Hit. Nail. Head.
On Reading Shakespeare
In one of his letters Henry James describes how ignobly fond he had become as he grew older of not travelling ; ‘to keep up not doing it’ he writes, ‘is in itself for me the most thrilling of adventures.’
So not to read Shakespeare, not to travel into his kingdom, but to sneak up at night towards the barriers that guard its frontier, and lurk there, terrified by the thought of the dangers I might encounter if I did really enter in, has become for me also a thrilling if not very noble adventure.
It may sound absurd to speak of danger in connection with a region which, in spite of a few geographical uncertainties, is so written up in handbooks, so betrod by tourists, so well provided with beaten roads and signposts and official guides. But it is a region, nevertheless, full of dark pitfalls for the mind ; tangled thickets there are of significant, as well as textual interpretation ; mazes of thought in which many wander and find no issue, and many paths whitened by the bleaching bones of critics. On one side of the beaten track, with its charabancs full of tourists, its files of boys and girls from the secondary schools, personally conducted by their teachers, lies the abyss I have mentioned of the great Dark Period ; on the other, the Serbonian sonnet-bog, in which armies whole have sunk ; while the attempt to reconcile the poetry which Shakespeare wrote with the prose of the extremely prosaic life he led is apt to addle the brains of those who undertake it. Shaken and appalled by the thought of this Apollo as an actor and jovial stage-manager in a little old London theatre—a mere bare room with a blanket for a curtain—this demi-god serenely running a popular show and raking in the pennies—this thought stupifies them, and they are seized with a kind of vertigo. Of the inhabitants of the insane asylums of Great Britain it has been calculated that, after the religious maniacs., the two next largest classes consist of those who rave about the Royal Family or those who, by thinking about Shakespeare, have unhinged their minds.
A great divine of the Elizabethan age describes in one of his sermons a region in the East, in Georgia, which was so immersed all day in gloom that no one could see his own hand within its borders ; those who dwelt upon its frontiers could hear, he said, the noise of cocks crowing, horses neighing, and the cries of human beings, but no one outside dared to venture in for fear of losing his way in that land of eternal darkness. Thus the cries of the distracted inhabitants sometimes reach us from the dark realm of Shakespeare interpretation. We hear the bleating of idiot adorers and the eternal swish of their whitewash brushes ; we hear the squeals of the idealists and blatherskites as Professor Stoll1 pigsticks them ; the war-cries of the Foliolaters and Disintegrators as they rush upon each other ; and even wilder battle-cries than these (for it is impossible to exaggerate their strangeness) will reach our ears. For listen ! the fanatic followers of no less than five ghostly, resurrected Elizabethan Earls are shouting at each other, the two bands of Pembrokians and Southamptonites, each vociferating that their Lord was the inspirer of the Sonnets, while three other bands proclaim the more glorious boast (at least more glorious to some thinkers) that Lord Derby, or Lord Rutland, or Lord Oxford, was the author of them, and of Shakespeare's plays as well. And then, faint and far, as the wind shifts, we hear the ululations of those vaster herds of Baconian believers, as they plunge squeaking down the Gadarene slope of their delusion.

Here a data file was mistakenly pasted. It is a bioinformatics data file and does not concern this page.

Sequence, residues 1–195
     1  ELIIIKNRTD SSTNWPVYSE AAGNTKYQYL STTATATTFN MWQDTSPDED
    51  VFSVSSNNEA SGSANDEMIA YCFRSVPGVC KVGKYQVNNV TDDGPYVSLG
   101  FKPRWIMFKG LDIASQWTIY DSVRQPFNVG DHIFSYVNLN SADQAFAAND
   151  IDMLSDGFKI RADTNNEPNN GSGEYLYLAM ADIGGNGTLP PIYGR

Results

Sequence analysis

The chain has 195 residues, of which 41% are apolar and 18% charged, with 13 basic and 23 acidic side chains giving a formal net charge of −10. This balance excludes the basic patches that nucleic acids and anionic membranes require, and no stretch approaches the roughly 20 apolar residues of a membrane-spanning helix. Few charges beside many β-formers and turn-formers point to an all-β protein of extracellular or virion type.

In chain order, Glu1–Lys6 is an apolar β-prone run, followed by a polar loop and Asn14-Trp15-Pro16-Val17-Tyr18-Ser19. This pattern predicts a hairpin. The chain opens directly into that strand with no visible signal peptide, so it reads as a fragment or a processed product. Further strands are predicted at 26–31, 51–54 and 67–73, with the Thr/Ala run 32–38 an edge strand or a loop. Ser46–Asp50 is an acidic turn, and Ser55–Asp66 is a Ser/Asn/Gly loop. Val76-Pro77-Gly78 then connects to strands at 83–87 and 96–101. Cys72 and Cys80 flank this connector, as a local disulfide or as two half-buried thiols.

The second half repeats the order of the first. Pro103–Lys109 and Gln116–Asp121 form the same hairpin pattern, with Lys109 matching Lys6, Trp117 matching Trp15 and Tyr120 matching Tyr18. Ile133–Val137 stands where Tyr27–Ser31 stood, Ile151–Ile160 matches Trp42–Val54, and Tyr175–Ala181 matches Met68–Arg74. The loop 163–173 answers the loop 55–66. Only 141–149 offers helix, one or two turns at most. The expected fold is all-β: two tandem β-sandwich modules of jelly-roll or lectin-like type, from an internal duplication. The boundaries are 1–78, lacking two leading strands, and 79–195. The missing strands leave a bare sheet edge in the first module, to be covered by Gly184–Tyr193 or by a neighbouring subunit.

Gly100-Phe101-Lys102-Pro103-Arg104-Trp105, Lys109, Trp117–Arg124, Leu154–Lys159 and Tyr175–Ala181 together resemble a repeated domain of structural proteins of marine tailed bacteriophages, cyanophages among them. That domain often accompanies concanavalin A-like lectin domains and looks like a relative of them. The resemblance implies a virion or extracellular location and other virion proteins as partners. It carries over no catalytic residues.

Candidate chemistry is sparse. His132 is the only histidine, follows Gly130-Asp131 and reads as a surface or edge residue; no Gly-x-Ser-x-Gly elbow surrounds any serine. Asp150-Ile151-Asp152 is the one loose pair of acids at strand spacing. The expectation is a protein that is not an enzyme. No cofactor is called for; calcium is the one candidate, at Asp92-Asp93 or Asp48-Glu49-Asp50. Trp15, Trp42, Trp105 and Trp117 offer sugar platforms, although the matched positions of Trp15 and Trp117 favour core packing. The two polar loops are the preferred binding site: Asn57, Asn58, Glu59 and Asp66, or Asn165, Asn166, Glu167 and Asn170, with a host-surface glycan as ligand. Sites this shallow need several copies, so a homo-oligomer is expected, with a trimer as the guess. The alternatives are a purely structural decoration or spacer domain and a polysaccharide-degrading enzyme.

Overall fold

Yes, on the whole I feel that I am against Shakespeare—the vast subject is too vexatious, too intricate and baffling. Though I may not join with Tolstoy and Bernard Shaw, and shout 'Down with Shakespeare !’ in the streets, I shall nevertheless keep well aloof from the grounds of that great lunatic asylum, that dark domain of ghosts and pedants, of blatherskites, monomaniacs, fanatics and fools.